[PITTSFIELD, Mass.]—Mythic mid-century New York, as envisioned by Damon Runyon, bursts onstage with exuberance in the spectacular new production, directed by John Rando, of the iconic American musical Guys and Dolls on the Mainstage at Barrington Stage Company, now through July 16. The outstanding cast of accomplished singers, actors, and dancers delivers this classic show with a fresh sense of fun and joy.
Guys and Dolls opens with the promenade of street-wise city characters in “Runyonland” and then Nicely-Nicely Johnson, Benny Southstreet, and Rusty Charlie sing the brilliant first number, “Fugue for Tinhorns,” with masterful harmonies and a big finish. It would be a showstopper, if it wasn’t the first song. Daniel Marcus is spot-on as Nicely-Nicely, and his voice is marvelous; Timothy Shew is just right for Benny Southstreet and he has a wonderful voice as well. The songs sound terrific; everyone in this cast can really sing, and the nine-piece orchestra sounds like a much bigger band.
Michael Thomas Holmes is completely charming and funny as Nathan Detroit, trying to find a location for his “oldest established permanent floating crap game” while avoiding matrimony with his fiancée of fourteen years, Miss Adelaide. Leslie Kritzer plays Adelaide with a sassy sexiness; and her singing voice is spectacular. Kritzer delivers the familiar tunes with a fresh twist; her jazzy scat singing at the end of “A Bushel and a Peck” is terrific, and when Holmes and Kritzer have a hold-the-note contest in their “Sue Me” duet, well, it’s just great. Kritzer’s facial expressions are priceless; she manages to get laughs with just a glance.
Morgan James, properly earnest as Sarah Brown, running the Mission, and Matthew Risch, savvy and smooth as gambler Sky Masterson, create real sparks when they begin to fall for each other. James has a gorgeous voice, perfect for the lovely melodies Sarah sings, and Risch sings very well, too. Their duets are delightful, and Risch’s interpretation of “Luck Be a Lady” is another great moment.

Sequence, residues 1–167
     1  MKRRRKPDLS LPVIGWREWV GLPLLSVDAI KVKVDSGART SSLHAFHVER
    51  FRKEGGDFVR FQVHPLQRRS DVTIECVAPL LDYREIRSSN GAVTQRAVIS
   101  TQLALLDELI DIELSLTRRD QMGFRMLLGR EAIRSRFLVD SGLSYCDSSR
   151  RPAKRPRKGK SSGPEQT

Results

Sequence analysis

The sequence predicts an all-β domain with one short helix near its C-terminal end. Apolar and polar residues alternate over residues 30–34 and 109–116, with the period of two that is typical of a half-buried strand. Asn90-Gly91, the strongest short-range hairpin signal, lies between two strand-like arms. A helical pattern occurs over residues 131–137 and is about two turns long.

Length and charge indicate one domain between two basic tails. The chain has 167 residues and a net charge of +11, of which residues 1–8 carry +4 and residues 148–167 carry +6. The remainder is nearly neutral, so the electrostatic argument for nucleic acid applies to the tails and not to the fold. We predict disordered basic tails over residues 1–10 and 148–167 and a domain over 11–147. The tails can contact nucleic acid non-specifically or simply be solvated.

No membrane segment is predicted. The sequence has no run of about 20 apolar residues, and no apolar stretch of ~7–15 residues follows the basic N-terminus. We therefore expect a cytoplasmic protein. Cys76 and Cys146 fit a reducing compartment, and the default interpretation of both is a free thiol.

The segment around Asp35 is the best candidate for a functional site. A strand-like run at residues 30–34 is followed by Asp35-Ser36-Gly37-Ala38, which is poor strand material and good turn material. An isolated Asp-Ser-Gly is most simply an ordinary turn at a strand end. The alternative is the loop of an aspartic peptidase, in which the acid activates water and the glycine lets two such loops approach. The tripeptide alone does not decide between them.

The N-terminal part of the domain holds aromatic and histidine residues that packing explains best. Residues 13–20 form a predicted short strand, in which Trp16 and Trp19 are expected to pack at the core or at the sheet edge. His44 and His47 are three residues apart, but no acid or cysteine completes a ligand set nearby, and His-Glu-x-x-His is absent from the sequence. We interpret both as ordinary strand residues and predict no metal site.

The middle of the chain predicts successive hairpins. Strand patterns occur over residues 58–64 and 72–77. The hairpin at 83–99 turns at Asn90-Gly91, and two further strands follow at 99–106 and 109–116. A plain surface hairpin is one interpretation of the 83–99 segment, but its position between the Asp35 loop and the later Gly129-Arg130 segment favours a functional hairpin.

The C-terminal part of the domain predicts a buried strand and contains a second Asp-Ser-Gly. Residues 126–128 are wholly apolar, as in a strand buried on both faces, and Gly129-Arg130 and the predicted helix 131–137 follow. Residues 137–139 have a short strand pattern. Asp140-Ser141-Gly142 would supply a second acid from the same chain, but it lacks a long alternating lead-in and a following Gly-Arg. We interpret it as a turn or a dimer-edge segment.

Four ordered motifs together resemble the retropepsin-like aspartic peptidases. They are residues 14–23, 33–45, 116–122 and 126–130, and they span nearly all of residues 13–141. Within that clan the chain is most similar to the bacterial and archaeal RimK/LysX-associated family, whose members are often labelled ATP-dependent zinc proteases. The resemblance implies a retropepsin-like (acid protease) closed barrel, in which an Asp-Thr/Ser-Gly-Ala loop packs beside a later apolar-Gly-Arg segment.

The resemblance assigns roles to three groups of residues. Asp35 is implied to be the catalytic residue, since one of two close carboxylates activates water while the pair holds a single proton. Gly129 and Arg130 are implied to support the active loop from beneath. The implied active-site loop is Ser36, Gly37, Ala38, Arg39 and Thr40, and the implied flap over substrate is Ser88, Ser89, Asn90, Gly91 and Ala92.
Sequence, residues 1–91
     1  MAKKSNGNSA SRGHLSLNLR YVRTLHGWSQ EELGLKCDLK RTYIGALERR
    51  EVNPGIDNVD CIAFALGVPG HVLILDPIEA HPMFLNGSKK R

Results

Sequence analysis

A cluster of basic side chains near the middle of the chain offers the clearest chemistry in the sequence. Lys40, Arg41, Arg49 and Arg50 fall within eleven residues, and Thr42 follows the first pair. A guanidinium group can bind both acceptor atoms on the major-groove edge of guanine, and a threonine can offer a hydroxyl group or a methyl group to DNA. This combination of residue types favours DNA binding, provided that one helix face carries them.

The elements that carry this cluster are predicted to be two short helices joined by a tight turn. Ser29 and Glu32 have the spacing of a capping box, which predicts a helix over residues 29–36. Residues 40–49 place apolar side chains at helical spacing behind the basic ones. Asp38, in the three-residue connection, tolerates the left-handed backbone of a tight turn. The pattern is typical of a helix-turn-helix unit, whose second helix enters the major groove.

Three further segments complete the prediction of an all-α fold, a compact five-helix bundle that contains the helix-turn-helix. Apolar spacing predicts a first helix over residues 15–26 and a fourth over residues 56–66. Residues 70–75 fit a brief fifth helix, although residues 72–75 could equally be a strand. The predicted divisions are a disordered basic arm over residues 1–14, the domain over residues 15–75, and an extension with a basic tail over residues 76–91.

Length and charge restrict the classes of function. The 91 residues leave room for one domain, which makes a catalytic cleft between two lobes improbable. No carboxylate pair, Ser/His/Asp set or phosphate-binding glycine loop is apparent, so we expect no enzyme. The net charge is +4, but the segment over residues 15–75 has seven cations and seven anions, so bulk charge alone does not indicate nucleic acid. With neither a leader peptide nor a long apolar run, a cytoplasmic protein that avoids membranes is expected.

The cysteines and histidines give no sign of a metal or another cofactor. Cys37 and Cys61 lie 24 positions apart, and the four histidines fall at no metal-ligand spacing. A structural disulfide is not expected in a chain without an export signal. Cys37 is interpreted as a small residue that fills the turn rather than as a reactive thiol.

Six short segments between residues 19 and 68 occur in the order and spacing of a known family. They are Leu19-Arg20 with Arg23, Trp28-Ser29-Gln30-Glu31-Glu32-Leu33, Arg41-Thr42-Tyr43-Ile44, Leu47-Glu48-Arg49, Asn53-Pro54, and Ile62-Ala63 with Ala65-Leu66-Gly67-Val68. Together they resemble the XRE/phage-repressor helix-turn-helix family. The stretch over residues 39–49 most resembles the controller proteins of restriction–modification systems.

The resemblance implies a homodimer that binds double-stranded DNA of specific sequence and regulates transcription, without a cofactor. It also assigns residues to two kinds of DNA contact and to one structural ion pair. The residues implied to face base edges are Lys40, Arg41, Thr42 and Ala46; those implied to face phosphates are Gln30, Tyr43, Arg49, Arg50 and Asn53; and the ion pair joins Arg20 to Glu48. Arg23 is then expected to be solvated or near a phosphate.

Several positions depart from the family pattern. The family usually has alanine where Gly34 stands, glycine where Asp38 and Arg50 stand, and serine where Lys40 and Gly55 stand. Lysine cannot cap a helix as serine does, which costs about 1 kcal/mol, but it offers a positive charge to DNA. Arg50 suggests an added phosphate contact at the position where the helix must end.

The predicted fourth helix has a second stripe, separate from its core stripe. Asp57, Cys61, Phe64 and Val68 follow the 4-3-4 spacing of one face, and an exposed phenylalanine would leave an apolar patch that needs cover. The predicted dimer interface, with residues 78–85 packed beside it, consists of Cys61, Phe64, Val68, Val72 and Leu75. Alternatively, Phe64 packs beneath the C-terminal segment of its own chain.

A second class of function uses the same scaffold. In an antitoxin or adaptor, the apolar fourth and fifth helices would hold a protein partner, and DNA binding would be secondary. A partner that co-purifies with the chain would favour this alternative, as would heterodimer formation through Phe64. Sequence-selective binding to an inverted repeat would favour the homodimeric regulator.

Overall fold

In directing the show, John Rando has achieved an ideal balance between the humor, the broad characters, and the sincerity of the relationships: all the fun of the snappy lines and snarky comments is there, but there’s a real sense of tenderness between Adelaide and Nathan, as well as the chemistry between Sky and Sarah.
The choreography by Joshua Bergasse is spectacular; energetic, athletic, appealing, and perfectly executed by the cast members. The Crapshooter’s Dance in the sewer is outstanding. Darren Cohen does his usual excellent job as music director, and every number in this show is great, from the barbershop harmonies by the men’s ensemble to the Havana scene with hot salsa dancing and the Hot Box Girls’ burlesque numbers.
Gordon Stanley as Arvide Abernathy offers a touching “More I Cannot Wish You,” Peggy Pharr Wilson is a hoot as General Cartwright, and Michael Nichols is a suitably intimidating Big Jule. And of course, Daniel Marcus delivers a truly show-stopping rendition of “Sit Down, You’re Rockin’ the Boat,” with just about the whole cast on stage.
The designers on this production did an amazing job, too. Alexander Dodge framed the stage with skyscrapers, rolled out the Mission, dropped in the Havana palm trees, and created a fantastic underground sewer set for the crap game. The costumes are terrific, from the snazzy sport coats on the gamblers to the slinky dresses on the showgirls.
Guys and Dolls (subtitled A Musical Fable of Broadway) by Frank Loesser, Abe Burrows, and Jo Swerling, based on characters and stories created by Damon Runyon, won the Tony back in the early 1950s when it first opened on Broadway. It is every bit as much fun now, especially in this terrific production. It’s a heartfelt, funny, moving, exciting evening in the theater.
Michael Thomas Holmes as Nathan Detroit
Morgan James as Sarah Brown
Leslie Kritzer as Adelaide
Matthew Risch as Sky Masterson
Timothy Shew as Benny Southstreet
Peggy Pharr Wilson as General Cartwright
Gordon Stanley as Arvide Abernathy
Taylor Anderson, Chelsey Arce, EvanAutio, Tommy Bracco, Sharona D’Ornellas, Sean Patrick Folster, Michael Hewitt, Steve Konopelski, Chris LeBeau, Brooke Marinovich, Michael Nichols, Hannah Richter, Kellyn Uhl, NickyVenditti, Michael Wessells, Correy West
Directed by John Rando
Scene design by Alexander Dodge; costume design by Alejo Vietti; lighting design by Rui Rita; sound design by Ed Chapman; choreography by Joshua Bergasse; music direction by Darren R. Cohen.; Renee Lutz, production stage manager
Barrington Stage is at 30 Union St., Pittsfield, Mass. For more information, call 413.236.888 or visit www.barringtonstageco.org.